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Submitting Emoji Proposals

Anyone can submit a proposal for an emoji character, but the proposal needs to have all the right information for it to have a chance of being accepted.

This page describes the process of submitting a proposal, including how to submit a proposal, the selection factors that need to be addressed in each proposal, guidelines on presenting evidence of frequency, and the process and timeline for acceptance.

Not all new emoji require new characters. Thus this page also describes the process of proposing that

Please read this entire page before making a submission. Also check the Emoji List to make sure your proposal is new.

Submitting a Proposal

To submit a proposal for a new emoji, please prepare a document according to the "Form for Emoji Proposals". Your document should contain all of the sections shown in the form, and should address, as completely as possible, all of the items specified there. Before preparing your document, make sure that you have read and understood the rest of this document, especially the Selection Factors. It may also help to read some of the Example Submissions. Once you have completed your document, please follow the directions in How to Submit Proposal Documents to submit it.

Form for Emoji Proposals

Title: Proposal for New Emoji
Submitter: <name>
Date: <date>

  1. Identification. Suggested short name and keywords for the emoji, as in the Emoji List.
    1. CLDR short name
    2. CLDR keywords
  2. Images. One sample color image and one sample black&white image for each proposed emoji must be included in the proposal and in an attached zip file. These are to illustrate how each character might be displayed. The format and license must be as specified in Images.
    1. Zip File
    2. License. The proposer must certify that the images have appropriate licenses for use by the Unicode consortium, and list the type of license.
  3. Selection factors — Inclusion. A section that addresses all Selection Factors for Inclusion, and for each one provides evidence as to what degree each of the proposed characters would satisfy that factor.
    1. Compatibility
    2. Expected usage level
      1. Frequency
      2. Multiple usages
      3. Use in sequences
    3. Image distinctiveness
    4. Completeness
    5. Frequently requested
  4. Selection factors — Exclusion. A section that addresses all Selection Factors for Inclusion, and for each one provides evidence as to what degree each of the proposed characters would satisfy that factor.
    1. Overly specific
    2. Open-ended
    3. Already representable
    4. Logos, brands, UI icons, signage, specific people, deities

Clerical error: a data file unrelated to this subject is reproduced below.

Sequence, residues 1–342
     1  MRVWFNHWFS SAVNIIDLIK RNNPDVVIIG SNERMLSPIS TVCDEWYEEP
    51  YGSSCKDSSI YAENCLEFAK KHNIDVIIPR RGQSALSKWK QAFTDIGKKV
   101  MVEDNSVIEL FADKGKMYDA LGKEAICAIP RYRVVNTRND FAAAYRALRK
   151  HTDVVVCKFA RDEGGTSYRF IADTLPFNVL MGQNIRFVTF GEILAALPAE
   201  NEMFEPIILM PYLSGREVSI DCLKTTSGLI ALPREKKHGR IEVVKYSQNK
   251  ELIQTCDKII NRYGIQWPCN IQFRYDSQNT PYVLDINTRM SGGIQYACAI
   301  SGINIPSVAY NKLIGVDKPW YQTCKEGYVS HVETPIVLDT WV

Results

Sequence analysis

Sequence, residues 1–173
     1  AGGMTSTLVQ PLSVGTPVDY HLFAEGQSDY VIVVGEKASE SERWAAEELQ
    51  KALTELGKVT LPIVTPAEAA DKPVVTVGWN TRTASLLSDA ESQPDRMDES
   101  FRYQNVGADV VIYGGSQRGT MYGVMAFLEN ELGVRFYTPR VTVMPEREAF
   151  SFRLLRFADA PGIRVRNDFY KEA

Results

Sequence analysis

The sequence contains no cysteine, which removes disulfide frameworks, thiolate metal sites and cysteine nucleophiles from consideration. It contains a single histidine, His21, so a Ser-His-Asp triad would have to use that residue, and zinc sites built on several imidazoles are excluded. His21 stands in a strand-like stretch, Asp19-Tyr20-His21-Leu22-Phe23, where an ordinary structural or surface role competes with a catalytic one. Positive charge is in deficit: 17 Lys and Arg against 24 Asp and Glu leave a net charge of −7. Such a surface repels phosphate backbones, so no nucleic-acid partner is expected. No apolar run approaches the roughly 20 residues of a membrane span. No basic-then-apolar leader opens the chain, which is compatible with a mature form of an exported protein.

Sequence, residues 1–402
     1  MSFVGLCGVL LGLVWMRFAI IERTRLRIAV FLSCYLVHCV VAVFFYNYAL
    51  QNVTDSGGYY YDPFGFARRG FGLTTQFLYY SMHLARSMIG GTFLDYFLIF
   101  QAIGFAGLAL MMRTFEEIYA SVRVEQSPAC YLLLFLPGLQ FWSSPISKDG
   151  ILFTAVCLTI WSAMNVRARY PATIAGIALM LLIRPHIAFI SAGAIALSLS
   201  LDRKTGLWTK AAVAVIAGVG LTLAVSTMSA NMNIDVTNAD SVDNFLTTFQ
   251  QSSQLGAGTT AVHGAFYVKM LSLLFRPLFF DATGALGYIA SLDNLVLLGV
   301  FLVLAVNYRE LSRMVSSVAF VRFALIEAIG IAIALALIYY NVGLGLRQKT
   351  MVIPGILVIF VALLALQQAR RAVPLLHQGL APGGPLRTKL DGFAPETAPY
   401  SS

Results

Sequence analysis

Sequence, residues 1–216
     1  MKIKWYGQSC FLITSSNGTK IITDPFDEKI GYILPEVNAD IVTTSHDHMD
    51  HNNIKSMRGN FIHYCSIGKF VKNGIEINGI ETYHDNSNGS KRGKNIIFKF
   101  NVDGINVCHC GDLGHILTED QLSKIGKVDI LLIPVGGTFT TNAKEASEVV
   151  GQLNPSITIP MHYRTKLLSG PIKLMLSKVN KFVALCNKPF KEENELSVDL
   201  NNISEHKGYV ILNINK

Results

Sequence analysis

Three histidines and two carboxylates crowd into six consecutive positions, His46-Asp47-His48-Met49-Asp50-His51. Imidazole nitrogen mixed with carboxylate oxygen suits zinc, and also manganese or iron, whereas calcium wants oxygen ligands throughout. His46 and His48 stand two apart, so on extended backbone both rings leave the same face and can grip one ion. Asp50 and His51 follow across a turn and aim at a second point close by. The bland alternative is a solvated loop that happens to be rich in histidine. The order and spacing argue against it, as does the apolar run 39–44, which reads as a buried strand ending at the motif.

5. Transient
    6. Faulty comparison
  5. Sort location. A proposed sort location for the emoji in Emoji Ordering
    1. Category (such as cat-face)
    2. Emoji it should come after in that category (such as after 🙀 WEARY CAT FACE).
  6. Other information. Any other information that would be helpful, such as design considerations for images.

A group of related emoji should be put into a single proposal, especially where the goal is to complete a set (see Completeness).

Please:

  • don’t justify the addition of emoji because they further a “cause”, no matter how worthwhile
  • don’t include specific code points (U+XXXXX) for proposed characters
  • don’t include a filled-out Proposal Summary Form.
  • don’t use this process for Proposing Existing Characters as Emoji

A proposal may be advanced despite a “cause” argument — if other factors are compelling — but will not be advanced because of it.

The committee will assign code points and fill out the Proposal Summary Form later in the process. The original proposal may then be amended to include those, as was done with the Food emoji characters example below.

The names and images for approved characters may be changed — sometimes substantially — from what is suggested in the proposal. Quite often the name is generalized, for example. The image that a vendor uses may depart substantially from what is in the proposal, such as to better fit with the “house style” for that vendor.

Example Submissions

Some useful examples of successful proposals are listed below. When looking at the older proposals it is important to keep two points in mind:

  1. New proposals must follow the form in Submitting Emoji Character Proposals. This form may have changed since earlier proposals were submitted.
  2. The UTC may accept a proposal for reasons other than those stated in the proposal, and does not necessarily endorse or consider relevant all of the proposed reasons.
Female Runner Cricket
Dumpling Broccoli
Food emoji Pie
Person meditating  


Sequences & Other Proposals

Not all new emoji require new characters. People can propose that:

The timeline for these proposals is not as long as for new characters, since existing characters can be changed to be emoji or emoji sequences added without waiting for the annual Unicode release in June. For example, Emoji v4.0 added many new emoji in November 2016.

Making Existing Characters be Emoji

Some characters are already encoded in Unicode; they just aren’t considered emoji (that is, they don’t have emoji properties). These include the chess characters, for example. See the ExtendedPictographic set in CLDR for examples of similar characters.